3D Printed Keycaps for Mechanical Keyboards Offer a Satisfying Click with a Customizable Twist
The ability to customize products to suit your individual needs and aesthetic tastes has always been highly sought after, but for the most part if you want it, then you need to be willing to pay a premium for it. However, modern 3D printing technology has eliminated the cost barrier for most customization and introduced the ability to an ever expanding audience. One of the reasons that 3D printing technology has become so popular so quickly is its capability for instant and cost-free customization. While its primary use is for things like prototyping and product design, an entire generation of artists and artisans are discovering 3D printing and using it as a tool to make their own, unique creations.
As new advancements are made and technology evolves, it often changes the entire user experience. But for many people, a lot of the advancements alter the user experience too quickly, so they often revert back to older technologies that they see as of a higher quality or that provide a better experience. A common example would be people who prefer vinyl records over digital recordings. Another is the growing trend of purchasing mechanical keyboards rather than the more common, and less expensive, membrane keyboards. A mechanical keyboard has an actual, physical mechanical switch under each key, and it used to be the primary keyboard design until the membrane keyboard was developed. However, many users missed the ability to create their own keycaps, and the satisfying clickity clack of the keys while they use them.
Generally users of mechanical keyboards choose them because they are considered more accurate and responsive, especially for PC gaming. But a growing number of users are choosing mechanical keyboards for aesthetic reasons, and for the fact that they also offer users the option to purchase customized keycaps, so they can have their own unique keyboard. For years the best way to obtain new keycaps was by finding artists who sell their own creations online, often creating them using traditional sculpting and casting methods. Naturally this is time consuming, and often quite expensive, but some of the examples of these “artisan keycaps” demonstrate how truly amazing they can look.
Recently there have been designers who have started using 3D design software and 3D printing to make some pretty cool 3D printed keycaps that can be just as unique. While it takes just as much artistry to design a 3D model of a replacement keycap, it often takes far less time than traditional methods. That means that 3D printed caps generally cost considerably less, often times costing as little as 25% of something that was hand sculpted and cast in plastic. And of course 3D printing technology offers designers more freedom when it comes to design, because it is capable of producing objects with more complex geometries than those that are made using the more traditional casting processes.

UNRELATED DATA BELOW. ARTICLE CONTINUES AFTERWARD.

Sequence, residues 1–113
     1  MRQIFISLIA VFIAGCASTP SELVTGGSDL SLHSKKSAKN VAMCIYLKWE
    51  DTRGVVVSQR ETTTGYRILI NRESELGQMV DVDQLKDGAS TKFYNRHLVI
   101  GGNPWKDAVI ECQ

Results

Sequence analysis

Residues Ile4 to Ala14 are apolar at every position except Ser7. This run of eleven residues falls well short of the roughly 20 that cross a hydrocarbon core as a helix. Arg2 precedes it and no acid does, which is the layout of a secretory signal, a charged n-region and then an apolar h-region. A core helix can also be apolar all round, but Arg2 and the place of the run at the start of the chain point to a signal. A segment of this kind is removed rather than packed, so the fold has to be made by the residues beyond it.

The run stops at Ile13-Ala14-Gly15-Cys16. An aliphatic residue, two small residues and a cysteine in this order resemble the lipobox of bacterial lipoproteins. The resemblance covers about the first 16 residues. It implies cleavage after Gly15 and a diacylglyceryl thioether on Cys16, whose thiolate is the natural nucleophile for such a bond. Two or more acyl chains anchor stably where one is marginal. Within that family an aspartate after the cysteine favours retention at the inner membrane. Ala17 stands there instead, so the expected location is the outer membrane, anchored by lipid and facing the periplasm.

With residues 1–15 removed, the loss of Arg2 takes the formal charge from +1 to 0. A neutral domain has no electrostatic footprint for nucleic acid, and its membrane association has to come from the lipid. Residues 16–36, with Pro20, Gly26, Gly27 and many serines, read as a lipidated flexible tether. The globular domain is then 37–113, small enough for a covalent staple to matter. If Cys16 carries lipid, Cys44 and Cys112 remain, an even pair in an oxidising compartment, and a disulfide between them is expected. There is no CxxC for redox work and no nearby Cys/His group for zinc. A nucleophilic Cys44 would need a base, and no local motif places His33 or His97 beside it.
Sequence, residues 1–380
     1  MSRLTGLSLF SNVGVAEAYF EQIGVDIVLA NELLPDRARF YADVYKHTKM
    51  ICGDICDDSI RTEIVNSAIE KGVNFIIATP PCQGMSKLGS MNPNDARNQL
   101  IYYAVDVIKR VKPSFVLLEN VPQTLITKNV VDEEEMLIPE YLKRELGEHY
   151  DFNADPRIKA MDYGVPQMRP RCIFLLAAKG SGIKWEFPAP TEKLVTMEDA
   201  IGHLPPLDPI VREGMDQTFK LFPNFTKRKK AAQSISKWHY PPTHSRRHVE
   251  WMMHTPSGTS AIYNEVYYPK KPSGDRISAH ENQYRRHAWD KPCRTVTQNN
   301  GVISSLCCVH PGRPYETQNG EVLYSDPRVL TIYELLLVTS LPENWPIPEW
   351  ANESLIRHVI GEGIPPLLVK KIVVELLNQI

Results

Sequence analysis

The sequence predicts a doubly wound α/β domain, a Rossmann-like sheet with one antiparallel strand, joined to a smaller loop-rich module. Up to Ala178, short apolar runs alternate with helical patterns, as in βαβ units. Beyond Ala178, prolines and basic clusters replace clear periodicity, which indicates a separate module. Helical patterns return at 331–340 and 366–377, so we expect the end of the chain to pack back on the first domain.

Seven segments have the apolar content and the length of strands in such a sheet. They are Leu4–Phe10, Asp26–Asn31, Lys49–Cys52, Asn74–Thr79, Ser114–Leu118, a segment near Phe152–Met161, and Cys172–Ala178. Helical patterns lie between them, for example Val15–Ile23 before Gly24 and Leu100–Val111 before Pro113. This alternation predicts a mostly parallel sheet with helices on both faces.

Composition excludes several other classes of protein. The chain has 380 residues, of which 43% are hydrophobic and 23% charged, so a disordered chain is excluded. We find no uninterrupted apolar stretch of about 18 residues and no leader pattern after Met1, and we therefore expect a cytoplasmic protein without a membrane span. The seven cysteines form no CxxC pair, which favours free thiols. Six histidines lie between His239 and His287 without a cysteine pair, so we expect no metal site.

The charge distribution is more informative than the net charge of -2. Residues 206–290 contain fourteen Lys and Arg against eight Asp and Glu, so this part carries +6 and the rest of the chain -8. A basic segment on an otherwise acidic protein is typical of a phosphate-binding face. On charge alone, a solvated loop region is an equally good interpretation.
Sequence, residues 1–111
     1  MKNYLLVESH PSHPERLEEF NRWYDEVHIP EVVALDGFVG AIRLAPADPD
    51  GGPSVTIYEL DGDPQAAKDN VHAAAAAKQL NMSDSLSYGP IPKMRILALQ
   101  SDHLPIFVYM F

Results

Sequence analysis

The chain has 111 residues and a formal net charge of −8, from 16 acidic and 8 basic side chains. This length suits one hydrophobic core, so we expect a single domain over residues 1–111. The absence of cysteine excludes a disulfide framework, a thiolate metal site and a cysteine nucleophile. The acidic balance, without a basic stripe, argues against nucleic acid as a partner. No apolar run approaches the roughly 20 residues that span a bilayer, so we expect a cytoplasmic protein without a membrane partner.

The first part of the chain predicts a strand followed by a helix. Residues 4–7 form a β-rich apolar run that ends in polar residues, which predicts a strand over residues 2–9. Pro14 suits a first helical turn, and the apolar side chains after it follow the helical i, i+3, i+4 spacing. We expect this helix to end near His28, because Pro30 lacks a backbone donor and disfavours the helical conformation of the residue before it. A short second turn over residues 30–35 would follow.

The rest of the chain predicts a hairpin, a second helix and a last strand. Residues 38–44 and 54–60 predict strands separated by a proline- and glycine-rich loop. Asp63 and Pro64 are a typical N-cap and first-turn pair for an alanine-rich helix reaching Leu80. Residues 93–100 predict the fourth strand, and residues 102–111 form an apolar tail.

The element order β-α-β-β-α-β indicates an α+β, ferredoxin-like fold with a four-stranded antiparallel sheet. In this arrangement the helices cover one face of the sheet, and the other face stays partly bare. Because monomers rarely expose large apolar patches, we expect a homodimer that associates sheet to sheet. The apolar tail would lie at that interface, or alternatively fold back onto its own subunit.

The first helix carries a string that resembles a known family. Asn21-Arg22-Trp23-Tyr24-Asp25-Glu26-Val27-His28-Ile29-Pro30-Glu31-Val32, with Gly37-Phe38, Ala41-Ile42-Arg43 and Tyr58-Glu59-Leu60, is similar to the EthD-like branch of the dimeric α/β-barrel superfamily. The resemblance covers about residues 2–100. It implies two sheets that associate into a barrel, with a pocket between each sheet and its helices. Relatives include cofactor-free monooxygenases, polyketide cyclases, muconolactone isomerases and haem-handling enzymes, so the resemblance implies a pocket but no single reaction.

As with anything 3D printed, there are tradeoffs, of course. There are simply some things that 3D printers can’t do, and only artisanal methods will work. And unless the keycaps are printed using high quality, commercial-grade 3D printers from a service like Shapeways, the actual quality is going to be limited to what resolution the desktop 3D printer is capable of reaching. One of the benefits offered by the artisanal keycaps is the fact that there are only going to be a very small number of them available, often making them extremely unique and collectable. However, a 3D printed keycap can be acquired by anyone, which makes them more common and easier to get, two things that collectors rarely look for in things that they collect.
For fans of mechanical keyboards, there are pros and cons related to both types of keycaps, and in fact many users often purchase and enjoy both. Mechanical keyboard enthusiast Kyle Holgate wrote a great article about the various benefits and advantages of each method, and shows off some pretty great examples of custom keycaps in the process. You can read the entire article here. You can also see some amazing examples of artisan keycaps on Key Kollectiv and on the Hot Keys Project Facebook page. And you can see some great 3D printable keycaps available for sale over on Shapeways from the Gizmo Bazaar. Are you in the market for one of these? Discuss further in the 3D Printed Keyboards forum over at 3DPB.com.
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